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Is there a limit to how deep a human body can theoreticly go?I realise the logistics involved in going to extreme depths(I'll use the Marianas trench as a severe example), but is it technically and medically possible if gases are staged all the way down and back up for you?

It's just a question that's been annoying me and I can't see a reason why not!!!

Peter
 

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Just not enough dive time.
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As I recall Peter nobody knows, there have been various max. depth theories ever since we (man/woman) started diving. All through this time max. depths have been quoted and broken so even if some scientist says its X now I would view that with suspicion. I suppose there must be one, not least the damage caused by the deco procedure even from a bounce dive to great depths as it would be extreme.

Matt
 

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The serious commercial guys like Comex (French and barking) have consistantly pushed the physical and practical maximum depths and have a research facility in the S of F.
They really do push the limits and according to the website have managed 701m using mainly hydrogen as a dilutent. Je pense.

Deep enough for mere mortals IMHO, just cold, dark and a long way from home.  
 
R

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Hmm, a 12000m dive, never considered trying that!
The deco involved would take months never mind the time to descend which would have to be slow enough to fully equalise all the tissues with the ambient pressure.
 The biggest problem would be the narcotic effects of the gases which at these depths would as far as I am aware ALL be narcotic to some extent or another.
 The medical side I am unsure on, it is possible the pressures would cause disruption to some of the chemical reactions making the body work but this is only a guess.
  The main technical problem though would be getting the gas at pressures that would be higher than the surrounding water and and work out a way of getting toffee like gas through a reg of some sort at roughly 18000lts a min
 

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Hmm… I'm pretty sure that the complex molecules in our bodies, such as globular proteins, would be deformed by pressure and can't equalize as they're too small for gas molecules to enter them.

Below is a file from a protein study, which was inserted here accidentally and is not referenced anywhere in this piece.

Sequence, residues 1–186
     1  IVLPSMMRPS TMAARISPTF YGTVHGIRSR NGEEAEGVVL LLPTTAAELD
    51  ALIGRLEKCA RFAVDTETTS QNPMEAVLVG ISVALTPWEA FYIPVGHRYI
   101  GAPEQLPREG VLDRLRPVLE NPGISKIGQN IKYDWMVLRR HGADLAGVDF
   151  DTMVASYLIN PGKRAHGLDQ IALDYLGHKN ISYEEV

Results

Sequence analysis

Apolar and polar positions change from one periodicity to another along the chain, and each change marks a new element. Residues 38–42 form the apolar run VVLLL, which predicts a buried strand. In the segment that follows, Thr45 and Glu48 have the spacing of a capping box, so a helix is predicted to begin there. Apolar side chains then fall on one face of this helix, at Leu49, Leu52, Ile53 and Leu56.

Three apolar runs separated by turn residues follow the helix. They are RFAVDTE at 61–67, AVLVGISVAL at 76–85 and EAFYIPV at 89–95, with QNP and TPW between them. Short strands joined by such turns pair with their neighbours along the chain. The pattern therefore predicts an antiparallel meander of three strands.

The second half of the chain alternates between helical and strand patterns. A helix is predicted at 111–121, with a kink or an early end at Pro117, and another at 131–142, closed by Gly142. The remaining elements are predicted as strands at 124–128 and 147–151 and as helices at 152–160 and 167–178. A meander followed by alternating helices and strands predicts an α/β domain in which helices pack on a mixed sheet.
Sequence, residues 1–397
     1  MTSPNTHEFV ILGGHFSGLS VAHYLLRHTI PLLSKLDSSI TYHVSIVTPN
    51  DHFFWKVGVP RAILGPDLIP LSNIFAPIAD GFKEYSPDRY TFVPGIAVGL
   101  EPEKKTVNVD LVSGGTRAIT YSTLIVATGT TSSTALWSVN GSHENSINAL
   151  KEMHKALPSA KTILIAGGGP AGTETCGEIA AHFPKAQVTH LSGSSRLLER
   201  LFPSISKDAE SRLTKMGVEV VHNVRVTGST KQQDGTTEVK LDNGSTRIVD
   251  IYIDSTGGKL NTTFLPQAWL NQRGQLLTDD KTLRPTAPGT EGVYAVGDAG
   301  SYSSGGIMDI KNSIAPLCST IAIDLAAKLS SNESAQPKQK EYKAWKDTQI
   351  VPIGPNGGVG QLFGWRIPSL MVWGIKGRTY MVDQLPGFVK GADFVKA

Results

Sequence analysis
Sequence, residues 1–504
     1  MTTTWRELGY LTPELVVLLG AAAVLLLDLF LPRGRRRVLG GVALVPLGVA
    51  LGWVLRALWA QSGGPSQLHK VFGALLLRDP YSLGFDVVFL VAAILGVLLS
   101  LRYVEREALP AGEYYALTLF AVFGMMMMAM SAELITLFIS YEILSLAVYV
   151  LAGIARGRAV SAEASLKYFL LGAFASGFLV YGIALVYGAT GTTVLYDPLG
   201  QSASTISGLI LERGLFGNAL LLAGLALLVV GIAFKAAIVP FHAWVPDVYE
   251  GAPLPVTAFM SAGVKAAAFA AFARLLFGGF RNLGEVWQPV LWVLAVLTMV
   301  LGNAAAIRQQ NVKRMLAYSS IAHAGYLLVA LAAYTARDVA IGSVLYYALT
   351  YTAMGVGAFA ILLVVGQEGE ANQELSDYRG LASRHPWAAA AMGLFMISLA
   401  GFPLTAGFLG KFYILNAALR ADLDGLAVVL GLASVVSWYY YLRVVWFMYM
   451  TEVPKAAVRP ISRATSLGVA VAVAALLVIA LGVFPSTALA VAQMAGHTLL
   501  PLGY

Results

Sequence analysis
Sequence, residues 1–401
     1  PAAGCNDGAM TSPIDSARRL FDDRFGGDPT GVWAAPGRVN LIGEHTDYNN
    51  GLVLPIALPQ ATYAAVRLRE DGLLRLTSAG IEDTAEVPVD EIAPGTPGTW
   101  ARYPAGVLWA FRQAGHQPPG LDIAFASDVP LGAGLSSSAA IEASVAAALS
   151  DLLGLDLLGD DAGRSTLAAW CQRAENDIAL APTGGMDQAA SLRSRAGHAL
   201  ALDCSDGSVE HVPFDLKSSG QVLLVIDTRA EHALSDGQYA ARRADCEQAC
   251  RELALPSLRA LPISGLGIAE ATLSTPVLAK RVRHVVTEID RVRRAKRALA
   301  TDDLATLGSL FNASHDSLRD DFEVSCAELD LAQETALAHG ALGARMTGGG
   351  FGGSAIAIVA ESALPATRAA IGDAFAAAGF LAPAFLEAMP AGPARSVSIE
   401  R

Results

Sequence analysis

On the other hand, anesthetics and pressure have complementary effects, so by doping someone to the gills, you may well overcome the effects of pressure, but I'm not sure that extends below the cellular level.
However, there is absolutely a depth limit for humans. Eventually, to get the depth you wanted, a planet would have such a high gravitational pull that you'd be squashed flat by gravity long before the water pressure got you.
Imagine strapping on a twinset to go diving in a black hole

I suspect you'd need liquid breathing systems before you could attempt such a dive. After all, at the very high pressures you'd experience, most gases would be liquid anyway. Plus, with a liquid breathing system, you don't have any deco obligations, as you can be supplied with the gas at surface partial pressures.
 
R

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The molecules wouldn't really be compressed at all, water is a liquid and to all intents and purposes incompressible. I was thinking more along the line of the reactions being supressed to to pressure effects. This does have an effect of reactions and some will only take place within a narrow band of pressure/temp constraints.
 If you were to take your time you would end up still Peter shaped and whole on the bottom, you just may not be alive!
I don't understand what you mean by the gravitational pull, not sure what you mean if we are talking about earth

 gaseous oxygen is still around at the bottom of the ocean dissovled in the water, as far as I know it is more temp that causes it to liquify. liquid based breathing systems still wouldn't solve the narcocis effects though and you would still have deco obligations as you would have to breathe something as a dilutent and this would saturate your tissues big time
 

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question
i thaught your cells absorbed gasses at a given pressure untill they become fully sacturated
so at 20 m it might take 20 hours to become fully saturated and at 100m it might take only 2 hours?
in theory you would hit a depth where you will be fully saturated
my question is if you keep increasing your depth will you still absorbe nitogen/helium/o2, or do the cells hit a point where no more gasses can fit
 

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Steve
I read the cells/tissues get full regardless of depth its just time related, isnt that how sturation diving works? Once they are full it doesnt matter how long you stay down your deco requirements are the same.

Matt
 

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Restrictions due to problems proteins would have folding would probably limit the depths human can tolerate. Afterall certain deep sea fish die when brought to the surface cos there body chemistry goes askew due to the reduced pressure altering the shape of enzymes.

I read an article that suggested a limit of 1000m (IIRC)

Scotty
 

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Yup, saturation is saturation, just lookat the cup of tea and sugar trick. Personally, I think the pressure down there would hurt, plus would the capacity of your lungs be sufficient to supply your body with O2, also, how would you mix a gas, you would have to have a very low initial percentage of O2 to end up with a low enough PPO2 to avoid a hit.

Just a few thoughts

Andrew
 
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